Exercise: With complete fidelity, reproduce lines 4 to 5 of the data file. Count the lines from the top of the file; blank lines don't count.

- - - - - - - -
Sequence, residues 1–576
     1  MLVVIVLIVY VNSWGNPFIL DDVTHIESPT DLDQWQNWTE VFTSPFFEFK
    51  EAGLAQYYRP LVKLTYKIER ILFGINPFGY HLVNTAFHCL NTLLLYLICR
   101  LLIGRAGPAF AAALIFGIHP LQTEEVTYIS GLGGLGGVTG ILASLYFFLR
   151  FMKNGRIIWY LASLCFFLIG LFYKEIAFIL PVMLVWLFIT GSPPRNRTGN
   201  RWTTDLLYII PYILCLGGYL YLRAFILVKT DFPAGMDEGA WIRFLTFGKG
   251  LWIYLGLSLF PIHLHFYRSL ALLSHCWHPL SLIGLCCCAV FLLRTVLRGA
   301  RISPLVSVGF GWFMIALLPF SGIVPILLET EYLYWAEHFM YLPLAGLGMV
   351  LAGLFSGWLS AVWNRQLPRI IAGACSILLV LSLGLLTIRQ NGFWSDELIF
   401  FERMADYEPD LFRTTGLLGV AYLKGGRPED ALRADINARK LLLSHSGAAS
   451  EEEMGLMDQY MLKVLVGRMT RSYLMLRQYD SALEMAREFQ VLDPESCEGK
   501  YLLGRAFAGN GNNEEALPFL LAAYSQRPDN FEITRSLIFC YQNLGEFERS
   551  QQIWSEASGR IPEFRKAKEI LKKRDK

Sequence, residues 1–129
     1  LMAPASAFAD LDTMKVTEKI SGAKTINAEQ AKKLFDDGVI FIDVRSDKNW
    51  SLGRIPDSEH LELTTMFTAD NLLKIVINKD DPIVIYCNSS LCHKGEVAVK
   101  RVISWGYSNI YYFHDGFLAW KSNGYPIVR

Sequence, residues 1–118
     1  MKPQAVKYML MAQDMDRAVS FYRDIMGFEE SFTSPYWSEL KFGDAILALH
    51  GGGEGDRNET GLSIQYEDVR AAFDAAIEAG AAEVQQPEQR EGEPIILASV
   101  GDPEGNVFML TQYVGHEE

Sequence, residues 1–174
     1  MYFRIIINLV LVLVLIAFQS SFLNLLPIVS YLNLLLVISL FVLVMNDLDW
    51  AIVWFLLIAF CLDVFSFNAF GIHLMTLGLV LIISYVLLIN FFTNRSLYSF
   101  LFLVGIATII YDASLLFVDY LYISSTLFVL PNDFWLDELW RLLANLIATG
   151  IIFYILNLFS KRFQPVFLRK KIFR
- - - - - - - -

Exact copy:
   101  LLIGRAGPAF AAALIFGIHP LQTEEVTYIS GLGGLGGVTG ILASLYFFLR
   151  FMKNGRIIWY LASLCFFLIG LFYKEIAFIL PVMLVWLFIT GSPPRNRTGN